Review: Darkness is the draw in ‘The White Ribbon’
The Aspen Times
Aspen. CO Colorado
ASPEN – There’s not really a sympathetic character in “The White Ribbon,” the new film from German writer-director Michael Haneke. The closest we get to someone we can truly relate to and feel for is the 31-year-old school teacher, played by Christian Friedel. But the teacher doesn’t have a name; he’s a downbeat and reticent guy; and he narrates the film looking back from his perspective as an old man, with an old man’s rickety voice – we get the sense this is his last-gasp telling of what happened.
But teacher is caring and gentle and maybe even wise, which separates him dramatically from all the other adults in the tiny, insular village in early 20th century Germany that is the setting for “The White Ribbon.” The baron, for whom half the people of the village work, is stern and cold; the village pastor surpasses him in both categories; and the doctor adds out-and-out wickedness to the personality profile. Their wives and co-workers are, on the whole, submissive and dour. Their kids, all of whom play and go to school together in one big batch, are an unsmiling, anxious, suppressed bunch. Against this backdrop, the fact that Teacher embarks on a cautious, slow-motion romance with Eva, a young nanny for the baron, is the rare ray of light, muted though it may be.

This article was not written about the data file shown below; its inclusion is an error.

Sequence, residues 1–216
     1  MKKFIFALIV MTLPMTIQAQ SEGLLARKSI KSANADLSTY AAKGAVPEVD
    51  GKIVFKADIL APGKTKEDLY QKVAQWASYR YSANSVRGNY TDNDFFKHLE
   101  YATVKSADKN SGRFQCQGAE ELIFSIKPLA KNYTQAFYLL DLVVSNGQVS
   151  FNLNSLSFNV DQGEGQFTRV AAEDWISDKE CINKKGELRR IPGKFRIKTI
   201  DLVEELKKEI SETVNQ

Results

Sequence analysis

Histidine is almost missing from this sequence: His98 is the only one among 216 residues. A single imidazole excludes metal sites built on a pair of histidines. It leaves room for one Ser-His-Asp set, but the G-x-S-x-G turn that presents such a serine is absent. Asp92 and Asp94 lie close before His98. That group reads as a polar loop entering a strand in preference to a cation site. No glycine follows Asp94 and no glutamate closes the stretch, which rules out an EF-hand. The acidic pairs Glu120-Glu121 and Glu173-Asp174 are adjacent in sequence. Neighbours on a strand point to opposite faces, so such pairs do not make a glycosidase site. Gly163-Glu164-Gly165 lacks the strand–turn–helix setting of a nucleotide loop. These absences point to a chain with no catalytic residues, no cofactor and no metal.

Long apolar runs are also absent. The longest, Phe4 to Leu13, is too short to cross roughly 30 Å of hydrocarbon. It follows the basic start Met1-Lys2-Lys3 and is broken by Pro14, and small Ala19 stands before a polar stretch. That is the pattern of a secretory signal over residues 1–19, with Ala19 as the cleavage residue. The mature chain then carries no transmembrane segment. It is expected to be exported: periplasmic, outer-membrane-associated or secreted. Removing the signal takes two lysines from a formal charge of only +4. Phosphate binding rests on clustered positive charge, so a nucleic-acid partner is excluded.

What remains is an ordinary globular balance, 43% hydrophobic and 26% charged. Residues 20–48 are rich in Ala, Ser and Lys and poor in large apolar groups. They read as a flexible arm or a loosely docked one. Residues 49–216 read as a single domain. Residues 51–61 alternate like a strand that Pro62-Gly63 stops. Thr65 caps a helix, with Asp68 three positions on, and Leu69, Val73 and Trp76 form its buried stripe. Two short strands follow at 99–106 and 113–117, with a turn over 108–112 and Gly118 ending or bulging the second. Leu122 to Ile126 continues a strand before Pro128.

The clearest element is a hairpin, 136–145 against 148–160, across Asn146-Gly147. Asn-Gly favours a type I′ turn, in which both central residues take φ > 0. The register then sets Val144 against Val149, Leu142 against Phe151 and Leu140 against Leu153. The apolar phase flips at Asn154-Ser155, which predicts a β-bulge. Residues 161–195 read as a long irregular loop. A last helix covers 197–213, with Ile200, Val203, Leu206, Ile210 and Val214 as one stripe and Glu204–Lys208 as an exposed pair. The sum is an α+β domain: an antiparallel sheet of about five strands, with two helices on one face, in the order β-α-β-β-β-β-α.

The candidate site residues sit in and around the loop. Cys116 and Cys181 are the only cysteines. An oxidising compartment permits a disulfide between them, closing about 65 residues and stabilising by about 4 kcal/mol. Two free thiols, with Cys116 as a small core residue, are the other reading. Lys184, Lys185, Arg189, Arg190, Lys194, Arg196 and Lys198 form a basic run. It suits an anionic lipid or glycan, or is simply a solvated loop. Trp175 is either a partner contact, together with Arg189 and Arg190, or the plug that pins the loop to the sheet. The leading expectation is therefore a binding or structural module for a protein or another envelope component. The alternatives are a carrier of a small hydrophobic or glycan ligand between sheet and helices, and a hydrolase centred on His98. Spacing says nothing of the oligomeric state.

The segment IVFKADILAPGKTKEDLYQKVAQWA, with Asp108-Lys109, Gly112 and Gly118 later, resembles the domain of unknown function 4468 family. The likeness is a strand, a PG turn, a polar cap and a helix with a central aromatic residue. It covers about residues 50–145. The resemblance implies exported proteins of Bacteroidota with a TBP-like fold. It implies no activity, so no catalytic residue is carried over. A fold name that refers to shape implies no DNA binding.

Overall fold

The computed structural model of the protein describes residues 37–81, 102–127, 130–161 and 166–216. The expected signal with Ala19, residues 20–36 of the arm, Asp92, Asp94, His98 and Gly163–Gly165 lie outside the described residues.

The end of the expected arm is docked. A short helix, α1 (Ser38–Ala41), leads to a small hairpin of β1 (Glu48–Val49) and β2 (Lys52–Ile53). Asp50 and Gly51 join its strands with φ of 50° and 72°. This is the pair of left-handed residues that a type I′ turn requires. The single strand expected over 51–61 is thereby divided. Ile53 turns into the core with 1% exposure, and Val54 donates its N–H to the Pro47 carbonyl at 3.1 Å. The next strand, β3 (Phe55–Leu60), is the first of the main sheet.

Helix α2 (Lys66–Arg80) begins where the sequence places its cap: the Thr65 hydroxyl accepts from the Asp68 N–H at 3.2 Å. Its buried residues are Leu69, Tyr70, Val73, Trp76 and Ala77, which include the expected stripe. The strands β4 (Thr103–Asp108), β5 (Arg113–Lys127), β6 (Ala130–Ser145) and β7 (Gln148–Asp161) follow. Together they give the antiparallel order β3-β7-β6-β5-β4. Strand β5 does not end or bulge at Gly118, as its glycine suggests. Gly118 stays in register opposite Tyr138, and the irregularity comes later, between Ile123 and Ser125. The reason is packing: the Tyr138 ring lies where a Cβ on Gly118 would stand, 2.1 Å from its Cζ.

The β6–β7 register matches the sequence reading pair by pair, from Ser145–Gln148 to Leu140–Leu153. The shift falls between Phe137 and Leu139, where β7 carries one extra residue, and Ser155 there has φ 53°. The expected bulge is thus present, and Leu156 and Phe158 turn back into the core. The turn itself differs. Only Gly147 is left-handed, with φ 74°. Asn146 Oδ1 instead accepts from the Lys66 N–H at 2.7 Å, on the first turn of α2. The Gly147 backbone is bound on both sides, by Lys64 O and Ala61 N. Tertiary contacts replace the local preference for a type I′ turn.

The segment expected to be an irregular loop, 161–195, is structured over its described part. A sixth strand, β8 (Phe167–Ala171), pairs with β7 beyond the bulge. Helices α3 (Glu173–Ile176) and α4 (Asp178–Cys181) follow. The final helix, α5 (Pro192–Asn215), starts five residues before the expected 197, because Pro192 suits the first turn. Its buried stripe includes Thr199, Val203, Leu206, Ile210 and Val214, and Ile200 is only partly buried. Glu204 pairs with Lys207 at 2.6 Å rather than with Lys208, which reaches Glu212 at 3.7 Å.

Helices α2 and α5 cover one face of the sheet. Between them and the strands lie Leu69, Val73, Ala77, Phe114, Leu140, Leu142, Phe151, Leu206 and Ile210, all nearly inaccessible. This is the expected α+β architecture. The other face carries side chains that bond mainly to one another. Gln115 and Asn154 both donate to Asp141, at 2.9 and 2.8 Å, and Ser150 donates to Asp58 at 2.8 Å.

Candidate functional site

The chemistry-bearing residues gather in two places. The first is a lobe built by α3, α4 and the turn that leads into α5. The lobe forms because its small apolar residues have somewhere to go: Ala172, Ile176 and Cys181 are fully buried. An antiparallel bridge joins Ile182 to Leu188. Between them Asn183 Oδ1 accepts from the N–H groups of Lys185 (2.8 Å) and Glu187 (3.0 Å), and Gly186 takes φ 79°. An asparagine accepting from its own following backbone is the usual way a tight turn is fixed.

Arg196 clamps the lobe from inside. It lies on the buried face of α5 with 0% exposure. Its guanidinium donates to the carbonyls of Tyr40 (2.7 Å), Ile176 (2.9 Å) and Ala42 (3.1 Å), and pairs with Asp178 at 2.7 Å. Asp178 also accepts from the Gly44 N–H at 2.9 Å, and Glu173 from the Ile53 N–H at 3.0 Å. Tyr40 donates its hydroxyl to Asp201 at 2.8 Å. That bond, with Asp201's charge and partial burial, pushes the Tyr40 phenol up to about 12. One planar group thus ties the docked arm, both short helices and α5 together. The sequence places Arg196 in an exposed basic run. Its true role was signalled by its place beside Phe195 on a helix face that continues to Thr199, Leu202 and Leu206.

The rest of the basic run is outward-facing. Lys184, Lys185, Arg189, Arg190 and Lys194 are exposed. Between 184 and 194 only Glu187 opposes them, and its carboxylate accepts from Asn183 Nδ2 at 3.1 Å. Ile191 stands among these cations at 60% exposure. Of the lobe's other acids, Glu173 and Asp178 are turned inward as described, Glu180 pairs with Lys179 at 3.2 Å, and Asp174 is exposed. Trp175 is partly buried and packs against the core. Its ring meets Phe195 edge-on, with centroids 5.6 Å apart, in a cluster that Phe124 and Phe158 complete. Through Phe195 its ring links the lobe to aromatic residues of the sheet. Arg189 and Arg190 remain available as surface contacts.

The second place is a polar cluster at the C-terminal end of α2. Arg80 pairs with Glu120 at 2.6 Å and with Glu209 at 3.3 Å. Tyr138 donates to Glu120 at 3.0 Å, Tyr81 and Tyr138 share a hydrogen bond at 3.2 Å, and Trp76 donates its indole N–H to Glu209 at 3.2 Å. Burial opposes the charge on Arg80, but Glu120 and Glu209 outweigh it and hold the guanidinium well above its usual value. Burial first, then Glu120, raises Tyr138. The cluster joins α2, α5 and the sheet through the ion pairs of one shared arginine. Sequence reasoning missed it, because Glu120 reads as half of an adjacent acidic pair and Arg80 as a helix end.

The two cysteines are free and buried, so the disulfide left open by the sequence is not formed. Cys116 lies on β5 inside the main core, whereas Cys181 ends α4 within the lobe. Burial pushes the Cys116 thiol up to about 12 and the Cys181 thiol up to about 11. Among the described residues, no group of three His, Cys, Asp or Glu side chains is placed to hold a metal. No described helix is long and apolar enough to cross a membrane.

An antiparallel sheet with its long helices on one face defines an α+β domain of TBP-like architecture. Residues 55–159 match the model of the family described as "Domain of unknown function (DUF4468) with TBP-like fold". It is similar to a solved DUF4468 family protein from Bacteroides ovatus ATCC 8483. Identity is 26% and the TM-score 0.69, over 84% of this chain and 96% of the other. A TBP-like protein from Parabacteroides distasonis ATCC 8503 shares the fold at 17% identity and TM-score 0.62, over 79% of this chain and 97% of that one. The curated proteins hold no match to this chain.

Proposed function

So how does Haneke make us care for this unappealing crowd? Start with the look of “The White Ribbon” – which, for good reason, earned an Academy Award nomination for its cinematography. Haneke and his cinematographer Christian Berger shot the film in black-and-white, and capture their actors in a nearly Felliniesque manner – observing them as curiosities as much as characters. The visual tone conveys so much – an ominous tone, the idea that these stories should be taken seriously. And that, as dim as the village looks, there are further layers of activity, personality and history lurking below the surface, all of them darker in shades still.
“The White Ribbon” starts off with an accident involving the doctor. Someone, somehow has put a trip wire across the road, causing the doctor to be thrown from his horse and sent to the hospital badly injured. The incident is revisited occasionally throughout the film, but it’s impossible for Haneke or his characters to fully train their attention on who might have done such a thing, or why – there are many malicious events that follow, most of them even more wicked and all of them cloaked in the same mysterious air.
Everyone is suspect because everyone – Teacher and Eva excepted – seems so capable of evil, so full of something to hide. Wives have died; misfit kids are beaten. The pastor emotionally abuses his children; the doctor outdoes him by verbally torturing his midwife/lover. The white ribbon of the title stands for childhood innocence but, no surprise, it doesn’t make many appearances or even get much discussion. There’s no innocence here.
World War I, which is about to wreak havoc on the planet, is brought up. “The White Ribbon” can thus be seen as a cautionary take about the two World Wars, and how German society as a whole could be overcome by a group consciousness that allows for callousness and violence. But the coming war is mentioned practically in passing, which allows “The White Ribbon” to stand as a more universal, and oddly captivating tale of the mysteries of man’s inhumanity.
“The White Ribbon” shows Friday at the Wheeler Opera House in Aspen.
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